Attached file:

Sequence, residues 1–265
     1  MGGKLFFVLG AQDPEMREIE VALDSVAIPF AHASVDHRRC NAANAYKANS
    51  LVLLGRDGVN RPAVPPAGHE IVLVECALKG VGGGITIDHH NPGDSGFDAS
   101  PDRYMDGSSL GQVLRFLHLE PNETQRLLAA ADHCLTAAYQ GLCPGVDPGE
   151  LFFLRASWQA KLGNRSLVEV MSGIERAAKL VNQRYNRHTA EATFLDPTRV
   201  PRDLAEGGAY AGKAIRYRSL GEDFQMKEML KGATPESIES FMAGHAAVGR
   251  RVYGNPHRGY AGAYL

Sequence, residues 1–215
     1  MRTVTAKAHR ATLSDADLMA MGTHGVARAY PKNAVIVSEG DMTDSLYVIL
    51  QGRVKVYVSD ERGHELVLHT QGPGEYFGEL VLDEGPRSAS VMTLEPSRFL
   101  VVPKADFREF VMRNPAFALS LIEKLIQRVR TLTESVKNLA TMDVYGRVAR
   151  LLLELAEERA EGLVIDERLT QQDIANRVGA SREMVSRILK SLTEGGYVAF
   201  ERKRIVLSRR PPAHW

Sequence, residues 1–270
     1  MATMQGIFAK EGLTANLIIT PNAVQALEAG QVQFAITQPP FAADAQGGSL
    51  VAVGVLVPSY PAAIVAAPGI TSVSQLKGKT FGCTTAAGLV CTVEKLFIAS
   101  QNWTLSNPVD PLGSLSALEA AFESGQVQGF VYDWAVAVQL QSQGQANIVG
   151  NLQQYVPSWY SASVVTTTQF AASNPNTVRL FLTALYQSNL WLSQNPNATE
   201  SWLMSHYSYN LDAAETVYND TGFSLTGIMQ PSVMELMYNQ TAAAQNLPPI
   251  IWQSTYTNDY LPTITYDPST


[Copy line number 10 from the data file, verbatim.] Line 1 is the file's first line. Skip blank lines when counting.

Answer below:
    51  QGRVKVYVSD ERGHELVLHT QGPGEYFGEL VLDEGPRSAS VMTLEPSRFL